One has little sense of the Vietnam War as a conflict fought by individual commanders or leaders. Although General William Westmoreland's name became a household word during the war, the numerous other high ranking officers who made up the chain of command and staff elements leading from Washington to the rice paddies and jungles of Vietnam remained relatively anonymous. General Earle Wheeler's name was sometimes noted in his capacity as Chair of the Joint Chiefs of Staff, and Admiral U. S. Grant Sharp gained occasional notice in his position as CINCPAC. In most cases, however, the many officers whose names appear in the post-war literature were unknown to the general public while the war was actually being fought. After General Westmoreland, Lieutenant William Calley, convicted for his role in the My Lai massacre, may be the most widely remembered American officer of the war, with the possible exception of some of the airmen held prisoner in Hanoi. Vietnam seemed to be a war fought by committee.
At one level of the war, however, one found the kind of old fashioned leadership present on the battlefields of the past, and in the work of the lieutenants and captains at the platoon and company level one sees examples of both the best and the worst of traditional military leadership. Leadership at such levels has always been anonymous, but that makes it no less important in an assessment of the quality of leadership in any war.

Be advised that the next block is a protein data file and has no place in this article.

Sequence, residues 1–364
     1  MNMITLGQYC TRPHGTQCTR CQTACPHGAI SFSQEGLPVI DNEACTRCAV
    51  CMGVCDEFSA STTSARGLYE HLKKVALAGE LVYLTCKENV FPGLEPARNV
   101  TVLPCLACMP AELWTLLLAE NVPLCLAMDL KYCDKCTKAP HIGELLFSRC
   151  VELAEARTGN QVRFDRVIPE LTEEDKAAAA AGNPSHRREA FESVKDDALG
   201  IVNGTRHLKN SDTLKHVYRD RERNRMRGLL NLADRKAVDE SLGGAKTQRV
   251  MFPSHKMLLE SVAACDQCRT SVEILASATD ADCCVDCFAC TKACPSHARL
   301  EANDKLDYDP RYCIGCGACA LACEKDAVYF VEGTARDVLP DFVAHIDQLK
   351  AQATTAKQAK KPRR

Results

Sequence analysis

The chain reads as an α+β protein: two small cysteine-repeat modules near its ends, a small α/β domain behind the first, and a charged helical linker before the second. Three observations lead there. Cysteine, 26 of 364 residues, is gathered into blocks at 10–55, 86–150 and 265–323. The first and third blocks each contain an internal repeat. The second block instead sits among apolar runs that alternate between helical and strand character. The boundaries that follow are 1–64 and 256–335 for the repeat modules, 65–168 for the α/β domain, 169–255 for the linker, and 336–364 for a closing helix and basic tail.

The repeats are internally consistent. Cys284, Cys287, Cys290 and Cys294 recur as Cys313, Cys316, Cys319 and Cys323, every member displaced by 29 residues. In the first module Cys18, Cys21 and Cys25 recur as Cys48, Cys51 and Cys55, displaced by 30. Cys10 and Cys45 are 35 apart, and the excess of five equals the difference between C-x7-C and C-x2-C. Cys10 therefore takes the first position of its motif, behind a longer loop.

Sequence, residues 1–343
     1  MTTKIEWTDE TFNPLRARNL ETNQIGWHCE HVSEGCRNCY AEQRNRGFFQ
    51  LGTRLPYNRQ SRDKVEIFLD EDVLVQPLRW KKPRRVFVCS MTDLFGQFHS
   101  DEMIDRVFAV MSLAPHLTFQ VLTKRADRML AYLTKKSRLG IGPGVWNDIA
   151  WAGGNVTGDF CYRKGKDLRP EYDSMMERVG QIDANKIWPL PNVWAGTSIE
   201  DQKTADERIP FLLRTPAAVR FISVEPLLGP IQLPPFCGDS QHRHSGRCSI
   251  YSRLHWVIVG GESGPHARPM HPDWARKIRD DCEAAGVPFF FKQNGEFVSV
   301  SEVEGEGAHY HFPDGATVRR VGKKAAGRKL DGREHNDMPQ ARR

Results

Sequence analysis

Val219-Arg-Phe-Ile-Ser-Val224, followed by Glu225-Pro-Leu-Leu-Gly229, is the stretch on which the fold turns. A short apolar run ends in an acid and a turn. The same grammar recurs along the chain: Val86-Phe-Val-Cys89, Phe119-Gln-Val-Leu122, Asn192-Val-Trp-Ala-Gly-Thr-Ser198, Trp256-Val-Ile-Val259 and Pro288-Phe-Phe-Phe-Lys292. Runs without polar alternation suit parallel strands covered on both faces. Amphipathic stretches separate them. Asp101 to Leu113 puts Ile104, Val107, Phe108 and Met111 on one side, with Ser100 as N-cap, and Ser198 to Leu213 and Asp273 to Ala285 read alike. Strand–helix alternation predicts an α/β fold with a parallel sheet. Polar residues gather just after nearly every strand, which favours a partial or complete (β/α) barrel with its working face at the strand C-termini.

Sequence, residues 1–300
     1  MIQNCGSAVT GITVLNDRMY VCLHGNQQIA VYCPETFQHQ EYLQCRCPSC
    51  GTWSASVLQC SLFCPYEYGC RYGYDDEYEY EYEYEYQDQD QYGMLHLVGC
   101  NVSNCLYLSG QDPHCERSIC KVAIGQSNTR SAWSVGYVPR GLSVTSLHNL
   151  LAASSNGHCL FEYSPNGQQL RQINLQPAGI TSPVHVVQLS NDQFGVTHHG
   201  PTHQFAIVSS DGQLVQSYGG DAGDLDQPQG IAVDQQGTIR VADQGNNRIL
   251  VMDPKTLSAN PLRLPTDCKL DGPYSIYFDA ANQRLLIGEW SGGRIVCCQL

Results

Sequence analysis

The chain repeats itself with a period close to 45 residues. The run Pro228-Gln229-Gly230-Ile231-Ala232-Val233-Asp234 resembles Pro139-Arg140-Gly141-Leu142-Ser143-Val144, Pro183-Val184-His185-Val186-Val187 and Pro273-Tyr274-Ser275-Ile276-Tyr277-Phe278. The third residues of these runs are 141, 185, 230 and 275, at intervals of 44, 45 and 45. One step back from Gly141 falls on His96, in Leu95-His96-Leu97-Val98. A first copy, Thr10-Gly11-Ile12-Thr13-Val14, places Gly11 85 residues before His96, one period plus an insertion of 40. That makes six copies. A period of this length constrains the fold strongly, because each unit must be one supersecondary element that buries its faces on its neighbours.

In Platoon Leader, James McDonough described his tour as a young lieutenant with the 173d Airborne Brigade in 1971-72. The book provides a masterful description of the elements of good leadership during a particularly difficult period of the war. McDonough, like many other young officers in Vietnam, found himself completely alone, the only officer in a one platoon camp adjacent to a Vietnamese village. A West Point graduate, he was well trained, if inexperienced, and his self-portrait exemplified the best that the army had to offer. He focused his attention on the two areas that virtually define good leadership at the small unit level: accomplishing his mission of destroying whatever military force the Communists sought to maintain in his area while doing his best to care for the men in his command.